'The Secret Life of Bees': Hive Fidelity

Salt Lake City Weekly | October 13, 2008
This framework, first of all: Sue Monk Kidd's much-loved 2002 best-seller, The Secret Life of Bees? Not a big fan. Maybe it's a gender thing, what with all of its emphasis on matriarchy and a girl's adolescence. Maybe I didn't find Kidd's storytelling voice as compelling as the unique story she tried to tell. Or maybe it was my general aversion to a certain strain of fiction by white authors set in the segregated American South -- vaguely guilty yet still nostalgic, the ugly realities smothered in Fried Green Tomatoes sauce.

Gina Prince-Bythewood -- the African-American director of the under-appreciated 2000 drama Love and Basketball -- would at least seem to be a likely candidate for tweaking the latter problem. Instead, she has opted essentially to stick close to the source material. Those who swear Kidd's novel is a modern classic should be delighted. Those who weren't nearly as impressed? Well ...

Prince-Bythewood launches immediately into the flashback that defines the life of 14-year-old Lily Owens (Dakota Fanning) in 1964 Georgia: the memory that she accidentally shot and killed her mother 10 years earlier. Her strained relationship with her father T. Ray (Paul Bettany) makes Lily ready to flee, especially when her family's beloved housekeeper Rosaleen (Jennifer Hudson) faces repercussions for insulting a white man while trying to register to vote. The two of them hitchhike to South Carolina, where an artifact from Lily's mother leads her to the beekeeping operation of the Boatwright sisters: August (Queen Latifah), June (Alicia Keys) and May (Sophie Okonedo).

It's there at the Boatwrights' cotton-candy-colored house that many life-lessons are learned by Lily over the course of a summer, in the tradition of coming-of-age stories everywhere. She finds herself attracted to the Boatwrights' young black hired hand, Zack (Tristan Wilds), in a little "first love that dare not cross miscegenation laws." She hears the story behind the strange "Black Madonna" statue that gives the Boatwrights' honey its name, as well as defining their twist on Christianity towards the divine feminine. And yes, eventually she will discover the secrets of her mother's heretofore mysterious life.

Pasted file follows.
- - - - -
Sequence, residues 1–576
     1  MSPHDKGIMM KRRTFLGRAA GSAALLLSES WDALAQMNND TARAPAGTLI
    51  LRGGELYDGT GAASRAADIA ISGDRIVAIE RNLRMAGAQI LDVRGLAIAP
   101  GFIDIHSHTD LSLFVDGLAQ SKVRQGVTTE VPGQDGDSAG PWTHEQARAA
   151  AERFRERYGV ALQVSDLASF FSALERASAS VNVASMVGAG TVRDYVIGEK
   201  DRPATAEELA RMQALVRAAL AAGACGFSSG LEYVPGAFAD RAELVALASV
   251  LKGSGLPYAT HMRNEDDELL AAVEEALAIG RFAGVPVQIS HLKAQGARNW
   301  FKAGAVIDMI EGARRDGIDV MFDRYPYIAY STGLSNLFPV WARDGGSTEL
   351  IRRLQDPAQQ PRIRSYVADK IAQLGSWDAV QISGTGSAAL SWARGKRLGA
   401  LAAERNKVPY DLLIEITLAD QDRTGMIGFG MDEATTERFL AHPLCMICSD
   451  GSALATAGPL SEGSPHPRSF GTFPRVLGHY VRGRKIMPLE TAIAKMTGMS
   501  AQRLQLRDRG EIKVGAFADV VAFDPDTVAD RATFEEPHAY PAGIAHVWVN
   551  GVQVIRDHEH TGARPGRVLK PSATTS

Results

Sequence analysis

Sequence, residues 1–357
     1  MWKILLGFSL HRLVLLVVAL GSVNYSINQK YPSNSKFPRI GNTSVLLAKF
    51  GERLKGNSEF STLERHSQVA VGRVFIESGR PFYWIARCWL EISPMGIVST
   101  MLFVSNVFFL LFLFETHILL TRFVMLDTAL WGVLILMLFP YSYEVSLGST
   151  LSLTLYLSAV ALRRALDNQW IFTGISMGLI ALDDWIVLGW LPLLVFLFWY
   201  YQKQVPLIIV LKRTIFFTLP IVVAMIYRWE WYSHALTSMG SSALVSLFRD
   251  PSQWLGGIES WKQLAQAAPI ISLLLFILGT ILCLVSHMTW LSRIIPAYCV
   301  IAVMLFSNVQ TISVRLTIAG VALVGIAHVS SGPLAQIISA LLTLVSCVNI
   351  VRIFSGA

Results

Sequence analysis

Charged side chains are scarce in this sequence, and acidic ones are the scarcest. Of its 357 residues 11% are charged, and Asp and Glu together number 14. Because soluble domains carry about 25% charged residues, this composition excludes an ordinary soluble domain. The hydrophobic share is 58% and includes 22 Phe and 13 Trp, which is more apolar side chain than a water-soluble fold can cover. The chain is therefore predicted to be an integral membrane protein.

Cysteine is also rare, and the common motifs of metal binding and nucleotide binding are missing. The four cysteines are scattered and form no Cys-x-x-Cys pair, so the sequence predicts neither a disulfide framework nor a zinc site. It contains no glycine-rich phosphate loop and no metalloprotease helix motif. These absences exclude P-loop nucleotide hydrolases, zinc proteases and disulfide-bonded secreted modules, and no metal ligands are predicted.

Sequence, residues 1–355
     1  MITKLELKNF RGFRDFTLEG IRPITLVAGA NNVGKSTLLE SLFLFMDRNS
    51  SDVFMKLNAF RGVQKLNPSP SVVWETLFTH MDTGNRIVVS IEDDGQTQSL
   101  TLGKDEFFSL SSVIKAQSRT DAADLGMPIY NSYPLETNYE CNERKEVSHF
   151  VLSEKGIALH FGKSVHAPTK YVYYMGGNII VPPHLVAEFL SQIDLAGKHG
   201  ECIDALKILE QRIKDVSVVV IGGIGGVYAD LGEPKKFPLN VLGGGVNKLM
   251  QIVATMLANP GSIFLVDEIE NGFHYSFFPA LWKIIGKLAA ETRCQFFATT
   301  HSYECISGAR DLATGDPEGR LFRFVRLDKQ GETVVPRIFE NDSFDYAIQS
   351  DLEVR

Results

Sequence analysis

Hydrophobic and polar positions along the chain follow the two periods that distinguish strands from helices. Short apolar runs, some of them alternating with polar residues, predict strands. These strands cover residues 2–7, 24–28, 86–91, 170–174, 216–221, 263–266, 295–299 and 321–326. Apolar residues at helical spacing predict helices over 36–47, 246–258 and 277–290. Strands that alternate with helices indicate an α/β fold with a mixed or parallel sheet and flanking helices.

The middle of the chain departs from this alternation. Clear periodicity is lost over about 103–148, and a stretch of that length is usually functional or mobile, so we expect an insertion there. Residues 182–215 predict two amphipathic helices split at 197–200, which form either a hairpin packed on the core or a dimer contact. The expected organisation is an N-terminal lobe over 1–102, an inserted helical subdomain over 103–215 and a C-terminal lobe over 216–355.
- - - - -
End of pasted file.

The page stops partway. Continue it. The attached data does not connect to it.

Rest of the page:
It's all shot by cinematographer Rogier Stoffers with a rapturous golden glow, the land itself seemingly bathed in honey as Lily wanders between cornstalks and hive boxes. This is the default visual framework for period dramas of this kind -- a cue as certain as Mark Isham's score that while, yes, there may be tragedies along the way, and hardships to overcome, nothing too unsettling will happen to alienate the target audience of adult women.

That's what makes this kind of glorified TV-movie so frustrating in its mechanized emotionalism: You know it's never for a moment going to dig at anything. Kidd's novel itself may have been a kind of made-for-Lifetime fiction, and the film does show (discreetly) the arbitrary violence to which Southern blacks were subject. But there's little pretense that The Secret Life of Bees is more than a pep rally for female strength in the face of adversity. Kidd and Prince-Bythewood both seem more wrapped up in the challenges of women living in a man's world than blacks living in a white world -- oh, to be like bees, where the queen rules! In so doing, the film creates an awkward equivalency between Lily's teenage travails and the fight for simple survival faced by her black surrogate mothers.

It would feel better smacking around The Secret Life of Bees if it weren't so well-crafted in so many other ways. Okonedo turns in a particularly effective performance in a challenging role as the feels-too-deeply May, and Bettany's more generous with T. Ray than Kidd chose to be. And as a literary adaptation, Prince-Bythewood's script manages to hit virtually every crucial plot point from the novel without ever feeling like there's no room for the story to breathe. If you're a writer, and you want someone to be both faithful and cinematically efficient, Prince-Bythewood should be on your "must call" list.

The only question, then, is whether the source material might actually benefit from a freer hand. Clearly there are thousands who think The Secret Life of Bees is just fine, thank you, the way it is, and they're likely to embrace this highly-polished adaptation right along with it. For them, there's no reason to lament a second helping of exactly the same.


**1/2 (two and a half out of four stars)

Starring: Dakota Fanning, Queen Latifah, Jennifer Hudson.

Directed by Gina Prince-Bythewood.

Rated PG-13

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